I missed a day in India but I’m writing just in time in America, before the end of the 4th day! Ha! This blogging-every-day during a move is a wonderful and terrible idea. It’s like taking 30 minutes out to write every day the month of your wedding… or graduation… but with two kids and spanning time zones! So… a little worse!
BUT it also causes me to draw up all of the days memories that I normally would end up forgotting and put them down in one place. This time, I’ll reflect later on both the insanity and God’s faithfulness in all the details.
This town has had foreigners living here for a century, because of the hospital, the century-old language school, because of its pleasant climate in the Indian summer. One Auntie Huldah told me that she and her family would come up here in the hot summers and would ride on those buggies that sit up on stilts that were carried on mens’ shoulders!
So let’s just say that locals are accustomed to people coming and going. The average hill people who have worked with and for foreigners are so accustomed to it that they hear that you’re moving away (practically before you know that you’re moving) and they start knocking, asking if you’re “selling” (i.e. giving) a baby bed, a washing machine, a scooter. All of our major things have been committed to friends and colleagues for months, but for all the extra little things that would cost more to ship than to purchase in our future neighborhood market, for those we’re having a give-away today. Every random localite is going to show up at my door this morning in one hour and forty-three minutes to frantically dig through pots, pans, baskets and baby clothes to see what they can use.
For me, it’s an extremely stressful process. My pulse picks up just thinking about it. So I’ve asked FOUR friends to come over and manage the three baskets of things to give away. And I’m thinking I might sneak out while it happens.
The second the movers had packed the last of our stuff onto the garbage truck and drove off, I went limp and felt such relief that I had a hard time keeping my eyes open for twenty-four hours. My adrenaline was all drained out.
But this morning I woke up after one of the longest sleepless nights we have EVER HAD, and my adrenaline started pumping again.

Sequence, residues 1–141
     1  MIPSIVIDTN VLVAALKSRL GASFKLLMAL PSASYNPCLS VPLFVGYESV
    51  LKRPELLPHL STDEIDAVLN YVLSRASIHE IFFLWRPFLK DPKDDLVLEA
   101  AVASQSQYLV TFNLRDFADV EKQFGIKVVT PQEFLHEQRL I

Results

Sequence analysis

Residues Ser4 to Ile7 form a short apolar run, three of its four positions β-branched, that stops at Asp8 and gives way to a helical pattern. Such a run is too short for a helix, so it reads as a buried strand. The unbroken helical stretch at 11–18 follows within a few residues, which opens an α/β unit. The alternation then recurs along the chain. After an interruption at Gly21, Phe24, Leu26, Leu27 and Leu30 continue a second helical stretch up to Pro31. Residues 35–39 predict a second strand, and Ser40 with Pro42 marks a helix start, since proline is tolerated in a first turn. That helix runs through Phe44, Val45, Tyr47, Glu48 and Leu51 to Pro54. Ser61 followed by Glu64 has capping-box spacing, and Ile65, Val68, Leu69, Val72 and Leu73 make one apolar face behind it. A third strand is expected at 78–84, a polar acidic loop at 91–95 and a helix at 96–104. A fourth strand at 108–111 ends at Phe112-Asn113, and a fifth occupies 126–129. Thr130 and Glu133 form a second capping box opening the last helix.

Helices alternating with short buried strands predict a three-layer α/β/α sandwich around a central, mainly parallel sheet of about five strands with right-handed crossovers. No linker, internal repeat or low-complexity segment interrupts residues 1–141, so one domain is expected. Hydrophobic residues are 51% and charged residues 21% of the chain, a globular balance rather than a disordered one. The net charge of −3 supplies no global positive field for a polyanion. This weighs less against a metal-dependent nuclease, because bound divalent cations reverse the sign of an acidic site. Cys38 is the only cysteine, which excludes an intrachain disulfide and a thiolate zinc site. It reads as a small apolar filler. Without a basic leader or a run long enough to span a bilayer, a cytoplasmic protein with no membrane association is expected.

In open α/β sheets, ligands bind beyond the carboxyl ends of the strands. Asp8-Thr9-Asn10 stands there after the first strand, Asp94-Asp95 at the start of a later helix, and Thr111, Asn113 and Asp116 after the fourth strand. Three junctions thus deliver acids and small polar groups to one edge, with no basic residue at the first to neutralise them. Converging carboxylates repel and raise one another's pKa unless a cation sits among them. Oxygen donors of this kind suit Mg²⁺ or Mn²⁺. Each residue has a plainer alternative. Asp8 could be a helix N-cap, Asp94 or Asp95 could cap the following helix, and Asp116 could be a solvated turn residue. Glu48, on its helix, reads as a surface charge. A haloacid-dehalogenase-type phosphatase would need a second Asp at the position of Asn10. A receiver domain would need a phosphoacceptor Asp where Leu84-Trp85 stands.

Got to get the house cleaned up, the stuff thrown in the suitcase, and get ourselves and the kids up to the local B&B for two nights. Rokeby Manor. It’s the same B&B we had dinner at the first night we arrived on this mountain. We only planned it this way because our friend is the GM and helped us book it, but now I see this strangely coincidental significance of it.
God is good. He knows how to bring meaning in the little things if we take time to see them.
At noon today the landlord will come check out the house, and we’ll move the kids and our six suitcases up to a local B&B for two nights before we move. At least once we’re there we won’t have to sort or cook or think. We’ll just have two days of goodbye meals, hikes, parties, and more goodbyes. I can’t think about it yet. I might throw up.
Little Miss has had a fever of up to 103 off and on for 3 days, and it finally broke last night. But she cried on and off all night because of her cough and kept calling us in and saying she wanted to go “ghoomy- ghoomy” (exploring outside). And we were standing in the dark arguing about whether to let her cry it out in her bed (because these days she’s so articulate she’s yelling at us in English and that feels different from random cries), or whether to hold her squirming and wrestling indefinitely in the dark… In the end I don’t even remember what happened. I know at some point was given Tylenol. At another point Judah got a diaper change cuz he was in our bed, stinking it up. And at another point both kids were hungry enough that they were fed yoghurt in the dark and laid back down (at two different times). Ugh… what a way to sleep (or not sleep) our last night in this beloved cottage.
SO the time has run down to an hour and twenty minutes till we need to be packed up and I could ramble on forever. But we keep plugging on, and I know that in several days we’ll be sitting on a plane to America talking about how the time flew by.
So here’s to being present (and pleasant sans sleep) until that very last moment.